public float kMinWallAreaForComplete = 10.0f;
    // Update is called once per frame
    void Update()
    {
        // check if enough of the room is scanned
        if (!m_isInitialized && DoesScanMeetMinBarForCompletion)
        {
            // let service know we're done scanning
            SpatialUnderstanding.Instance.RequestFinishScan();
            m_isInitialized = true;
        }
    }

    public bool DoesScanMeetMinBarForCompletion
    {
        get
        {
            // Only allow this when we are actually scanning
            if ((SpatialUnderstanding.Instance.ScanState != SpatialUnderstanding.ScanStates.Scanning) ||
                (!SpatialUnderstanding.Instance.AllowSpatialUnderstanding))
            {
                return false;
            }

            // Query the current playspace stats
            IntPtr statsPtr = SpatialUnderstanding.Instance.UnderstandingDLL.GetStaticPlayspaceStatsPtr();
            if (SpatialUnderstandingDll.Imports.QueryPlayspaceStats(statsPtr) == 0)
            {
                return false;
            }
            SpatialUnderstandingDll.Imports.PlayspaceStats stats = SpatialUnderstanding.Instance.UnderstandingDLL.GetStaticPlayspaceStats();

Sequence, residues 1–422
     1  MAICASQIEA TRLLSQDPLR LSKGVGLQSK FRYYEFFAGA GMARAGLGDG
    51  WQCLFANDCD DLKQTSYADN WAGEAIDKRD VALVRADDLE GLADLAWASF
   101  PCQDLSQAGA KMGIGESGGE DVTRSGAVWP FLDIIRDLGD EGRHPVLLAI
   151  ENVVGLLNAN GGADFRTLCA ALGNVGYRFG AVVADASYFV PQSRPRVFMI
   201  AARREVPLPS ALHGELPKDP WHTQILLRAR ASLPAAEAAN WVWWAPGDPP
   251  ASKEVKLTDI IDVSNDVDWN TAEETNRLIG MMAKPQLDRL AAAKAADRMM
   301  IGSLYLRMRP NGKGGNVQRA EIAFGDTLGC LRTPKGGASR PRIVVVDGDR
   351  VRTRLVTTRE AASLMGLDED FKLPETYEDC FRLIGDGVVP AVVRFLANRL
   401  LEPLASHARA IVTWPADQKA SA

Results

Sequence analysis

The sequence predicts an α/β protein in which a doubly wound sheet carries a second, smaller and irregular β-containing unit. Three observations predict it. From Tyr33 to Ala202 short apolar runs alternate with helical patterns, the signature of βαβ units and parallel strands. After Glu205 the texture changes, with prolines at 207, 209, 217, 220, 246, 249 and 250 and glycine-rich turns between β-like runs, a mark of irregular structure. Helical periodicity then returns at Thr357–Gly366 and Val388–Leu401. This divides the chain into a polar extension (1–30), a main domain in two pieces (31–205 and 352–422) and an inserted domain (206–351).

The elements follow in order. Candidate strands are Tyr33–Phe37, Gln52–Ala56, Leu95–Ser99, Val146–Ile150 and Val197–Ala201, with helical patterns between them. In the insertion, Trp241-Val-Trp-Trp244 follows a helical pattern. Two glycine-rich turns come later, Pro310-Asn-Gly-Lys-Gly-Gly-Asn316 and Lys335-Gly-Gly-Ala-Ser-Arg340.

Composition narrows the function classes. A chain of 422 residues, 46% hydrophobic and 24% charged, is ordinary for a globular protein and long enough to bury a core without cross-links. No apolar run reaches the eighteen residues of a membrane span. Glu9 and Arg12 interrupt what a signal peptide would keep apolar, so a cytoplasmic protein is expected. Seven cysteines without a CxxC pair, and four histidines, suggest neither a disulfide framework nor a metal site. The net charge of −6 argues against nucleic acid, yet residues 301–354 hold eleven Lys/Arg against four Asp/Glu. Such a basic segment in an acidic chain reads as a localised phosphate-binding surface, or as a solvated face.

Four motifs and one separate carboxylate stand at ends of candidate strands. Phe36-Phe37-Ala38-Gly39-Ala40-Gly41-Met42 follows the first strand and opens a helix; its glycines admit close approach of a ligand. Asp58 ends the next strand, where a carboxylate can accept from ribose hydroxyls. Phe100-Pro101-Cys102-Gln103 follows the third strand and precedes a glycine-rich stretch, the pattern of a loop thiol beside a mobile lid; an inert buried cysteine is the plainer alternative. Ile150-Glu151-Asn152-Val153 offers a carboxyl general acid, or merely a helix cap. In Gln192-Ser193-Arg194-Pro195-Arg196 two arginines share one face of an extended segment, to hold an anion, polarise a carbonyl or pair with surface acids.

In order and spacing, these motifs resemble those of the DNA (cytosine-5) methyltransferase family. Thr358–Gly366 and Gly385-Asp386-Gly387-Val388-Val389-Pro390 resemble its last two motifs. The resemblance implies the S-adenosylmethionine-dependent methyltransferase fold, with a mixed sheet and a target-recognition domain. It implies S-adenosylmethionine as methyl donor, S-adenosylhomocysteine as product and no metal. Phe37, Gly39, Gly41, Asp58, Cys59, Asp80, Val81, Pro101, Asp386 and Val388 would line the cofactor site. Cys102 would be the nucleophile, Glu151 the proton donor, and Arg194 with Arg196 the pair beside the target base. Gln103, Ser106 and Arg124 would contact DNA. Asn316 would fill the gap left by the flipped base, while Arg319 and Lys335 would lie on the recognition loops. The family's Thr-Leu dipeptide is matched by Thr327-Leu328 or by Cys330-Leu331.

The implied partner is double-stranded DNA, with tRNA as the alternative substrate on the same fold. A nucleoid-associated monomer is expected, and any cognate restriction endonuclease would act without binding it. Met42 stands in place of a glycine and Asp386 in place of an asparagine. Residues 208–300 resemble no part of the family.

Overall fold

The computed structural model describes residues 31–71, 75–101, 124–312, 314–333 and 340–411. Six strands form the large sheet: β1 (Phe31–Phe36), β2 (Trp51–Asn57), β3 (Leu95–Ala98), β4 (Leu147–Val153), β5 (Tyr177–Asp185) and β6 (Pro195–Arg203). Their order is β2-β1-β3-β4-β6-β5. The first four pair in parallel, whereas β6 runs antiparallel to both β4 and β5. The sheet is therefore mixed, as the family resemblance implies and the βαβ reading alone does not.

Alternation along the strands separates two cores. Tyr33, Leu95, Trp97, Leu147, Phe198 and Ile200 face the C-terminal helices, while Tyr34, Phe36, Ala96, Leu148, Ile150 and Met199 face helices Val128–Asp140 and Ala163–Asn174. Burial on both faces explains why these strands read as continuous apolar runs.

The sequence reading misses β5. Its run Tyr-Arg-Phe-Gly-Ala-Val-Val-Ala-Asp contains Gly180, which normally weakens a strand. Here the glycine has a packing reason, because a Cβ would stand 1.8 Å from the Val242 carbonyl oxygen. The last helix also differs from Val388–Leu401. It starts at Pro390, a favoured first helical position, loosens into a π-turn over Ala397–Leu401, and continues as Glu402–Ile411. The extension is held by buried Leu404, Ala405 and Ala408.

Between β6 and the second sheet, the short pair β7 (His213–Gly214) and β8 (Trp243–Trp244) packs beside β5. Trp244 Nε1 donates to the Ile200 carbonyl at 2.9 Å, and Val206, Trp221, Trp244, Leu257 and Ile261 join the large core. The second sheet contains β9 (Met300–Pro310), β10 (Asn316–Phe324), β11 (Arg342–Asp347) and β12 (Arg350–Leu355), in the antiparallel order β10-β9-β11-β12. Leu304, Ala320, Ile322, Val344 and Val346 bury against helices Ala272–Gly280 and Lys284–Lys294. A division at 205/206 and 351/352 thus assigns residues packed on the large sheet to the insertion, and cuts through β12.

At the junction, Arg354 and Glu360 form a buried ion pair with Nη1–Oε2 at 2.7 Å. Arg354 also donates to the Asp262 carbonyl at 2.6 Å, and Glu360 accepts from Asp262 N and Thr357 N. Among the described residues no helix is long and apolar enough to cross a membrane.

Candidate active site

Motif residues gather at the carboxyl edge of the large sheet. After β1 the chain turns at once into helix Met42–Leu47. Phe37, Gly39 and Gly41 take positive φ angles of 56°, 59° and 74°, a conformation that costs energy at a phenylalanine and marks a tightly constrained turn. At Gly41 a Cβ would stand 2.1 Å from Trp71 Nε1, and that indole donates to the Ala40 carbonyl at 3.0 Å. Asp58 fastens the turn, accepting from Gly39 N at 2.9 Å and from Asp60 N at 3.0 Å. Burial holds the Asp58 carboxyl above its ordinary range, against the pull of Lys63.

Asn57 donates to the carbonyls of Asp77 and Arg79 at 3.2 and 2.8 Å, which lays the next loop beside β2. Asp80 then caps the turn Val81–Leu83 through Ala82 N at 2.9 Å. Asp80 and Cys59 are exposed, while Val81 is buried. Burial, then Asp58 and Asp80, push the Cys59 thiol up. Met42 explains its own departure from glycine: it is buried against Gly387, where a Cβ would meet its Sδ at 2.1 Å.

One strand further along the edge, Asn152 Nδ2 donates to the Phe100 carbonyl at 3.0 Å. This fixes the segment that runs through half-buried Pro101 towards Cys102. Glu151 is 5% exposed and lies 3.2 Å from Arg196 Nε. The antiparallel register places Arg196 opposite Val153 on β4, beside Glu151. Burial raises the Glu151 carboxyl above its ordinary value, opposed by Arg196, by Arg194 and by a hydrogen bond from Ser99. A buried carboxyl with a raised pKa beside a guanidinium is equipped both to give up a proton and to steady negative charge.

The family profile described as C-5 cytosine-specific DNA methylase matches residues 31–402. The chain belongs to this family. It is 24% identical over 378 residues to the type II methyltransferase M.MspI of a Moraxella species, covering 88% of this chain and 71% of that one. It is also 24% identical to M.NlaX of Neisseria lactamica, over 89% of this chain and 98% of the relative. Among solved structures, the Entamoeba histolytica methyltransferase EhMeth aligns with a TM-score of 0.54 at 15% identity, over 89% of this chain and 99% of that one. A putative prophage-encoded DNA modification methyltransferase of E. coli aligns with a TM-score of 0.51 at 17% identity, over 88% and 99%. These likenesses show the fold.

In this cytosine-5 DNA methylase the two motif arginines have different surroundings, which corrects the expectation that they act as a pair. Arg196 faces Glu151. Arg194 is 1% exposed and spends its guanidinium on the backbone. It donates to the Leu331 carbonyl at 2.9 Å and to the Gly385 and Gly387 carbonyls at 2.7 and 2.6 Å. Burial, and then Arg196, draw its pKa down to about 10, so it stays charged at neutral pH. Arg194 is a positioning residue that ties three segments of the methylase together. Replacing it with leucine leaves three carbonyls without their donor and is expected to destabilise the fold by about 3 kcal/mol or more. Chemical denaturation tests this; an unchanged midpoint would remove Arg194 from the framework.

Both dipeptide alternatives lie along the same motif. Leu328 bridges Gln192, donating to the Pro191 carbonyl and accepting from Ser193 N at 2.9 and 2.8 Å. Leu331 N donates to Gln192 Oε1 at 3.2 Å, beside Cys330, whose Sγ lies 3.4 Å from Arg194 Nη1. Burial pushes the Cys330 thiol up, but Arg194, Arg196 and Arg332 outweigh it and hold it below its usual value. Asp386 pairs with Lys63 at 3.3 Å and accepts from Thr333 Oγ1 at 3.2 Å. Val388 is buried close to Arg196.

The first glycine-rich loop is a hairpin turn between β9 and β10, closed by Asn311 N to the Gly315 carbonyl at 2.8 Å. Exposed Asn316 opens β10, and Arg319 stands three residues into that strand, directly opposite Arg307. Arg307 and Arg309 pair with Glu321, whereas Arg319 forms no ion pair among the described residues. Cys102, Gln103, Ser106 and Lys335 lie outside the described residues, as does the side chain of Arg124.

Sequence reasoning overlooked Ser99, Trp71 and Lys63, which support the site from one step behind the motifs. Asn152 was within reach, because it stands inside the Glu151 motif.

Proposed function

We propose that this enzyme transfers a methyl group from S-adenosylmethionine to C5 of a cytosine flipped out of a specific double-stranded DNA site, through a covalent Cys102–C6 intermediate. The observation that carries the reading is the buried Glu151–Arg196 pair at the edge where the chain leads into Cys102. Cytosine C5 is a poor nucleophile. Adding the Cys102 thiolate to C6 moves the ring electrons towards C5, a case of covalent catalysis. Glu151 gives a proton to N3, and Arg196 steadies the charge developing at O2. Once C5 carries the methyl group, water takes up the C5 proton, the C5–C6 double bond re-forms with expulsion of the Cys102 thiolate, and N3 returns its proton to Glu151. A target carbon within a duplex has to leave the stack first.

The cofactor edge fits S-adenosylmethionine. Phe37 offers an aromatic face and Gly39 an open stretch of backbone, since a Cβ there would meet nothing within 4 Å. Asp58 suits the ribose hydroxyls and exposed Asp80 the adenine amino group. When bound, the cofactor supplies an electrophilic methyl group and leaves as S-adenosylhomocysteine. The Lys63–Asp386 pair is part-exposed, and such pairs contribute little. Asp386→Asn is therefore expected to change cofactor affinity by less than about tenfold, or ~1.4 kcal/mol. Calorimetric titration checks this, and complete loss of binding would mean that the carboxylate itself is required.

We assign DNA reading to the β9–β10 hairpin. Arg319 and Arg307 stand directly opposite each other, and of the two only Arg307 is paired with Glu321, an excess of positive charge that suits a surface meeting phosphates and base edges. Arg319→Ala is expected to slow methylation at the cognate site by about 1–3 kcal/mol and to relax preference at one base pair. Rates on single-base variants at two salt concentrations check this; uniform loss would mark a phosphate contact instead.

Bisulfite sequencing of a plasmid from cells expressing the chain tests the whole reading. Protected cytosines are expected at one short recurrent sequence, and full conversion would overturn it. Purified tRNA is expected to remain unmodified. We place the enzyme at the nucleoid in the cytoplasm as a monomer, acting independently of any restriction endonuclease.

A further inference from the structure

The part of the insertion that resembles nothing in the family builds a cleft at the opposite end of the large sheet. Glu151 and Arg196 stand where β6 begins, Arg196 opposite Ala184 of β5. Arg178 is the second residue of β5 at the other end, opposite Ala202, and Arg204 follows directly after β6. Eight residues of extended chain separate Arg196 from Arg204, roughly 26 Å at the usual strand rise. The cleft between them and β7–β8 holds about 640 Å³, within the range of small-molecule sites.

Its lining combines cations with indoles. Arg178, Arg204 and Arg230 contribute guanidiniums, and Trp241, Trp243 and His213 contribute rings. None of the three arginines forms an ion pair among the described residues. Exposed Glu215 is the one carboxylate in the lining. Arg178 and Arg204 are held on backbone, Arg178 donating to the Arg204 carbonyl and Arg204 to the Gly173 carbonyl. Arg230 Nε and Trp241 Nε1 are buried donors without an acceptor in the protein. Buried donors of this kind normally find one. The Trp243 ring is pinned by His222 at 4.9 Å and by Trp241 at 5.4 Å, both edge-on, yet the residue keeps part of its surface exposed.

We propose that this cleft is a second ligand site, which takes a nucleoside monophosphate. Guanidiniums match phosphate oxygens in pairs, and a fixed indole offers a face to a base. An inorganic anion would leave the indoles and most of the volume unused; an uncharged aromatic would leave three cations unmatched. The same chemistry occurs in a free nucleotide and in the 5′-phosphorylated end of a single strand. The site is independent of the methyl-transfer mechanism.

// Check our preset requirements
            if ((stats.TotalSurfaceArea > kMinAreaForComplete) ||
                (stats.HorizSurfaceArea > kMinHorizAreaForComplete) ||
                (stats.WallSurfaceArea > kMinWallAreaForComplete))
            {
                return true;
            }
            return false;
        }
    }

Once spatial understanding has determined that enough of the room has been scanned to start the level, you can use spatial understanding one more time to determine where to place your protagonist. First, the PlaceCharacterInGame method, show below, tries to determine the Y coordinate of the room floor. Next, the main camera object is used to determine the direction the HoloLens is facing in order to find a coordinate position two meters in front of the HoloLens. This position is combined with the Y coordinate of the floor in order to place the character gently on the ground in front of the player.


private void PlaceCharacterInGame()
{
// use spatial understanding to find floor
SpatialUnderstandingDll.Imports.QueryPlayspaceAlignment(SpatialUnderstanding.Instance.UnderstandingDLL.GetStaticPlayspaceAlignmentPtr());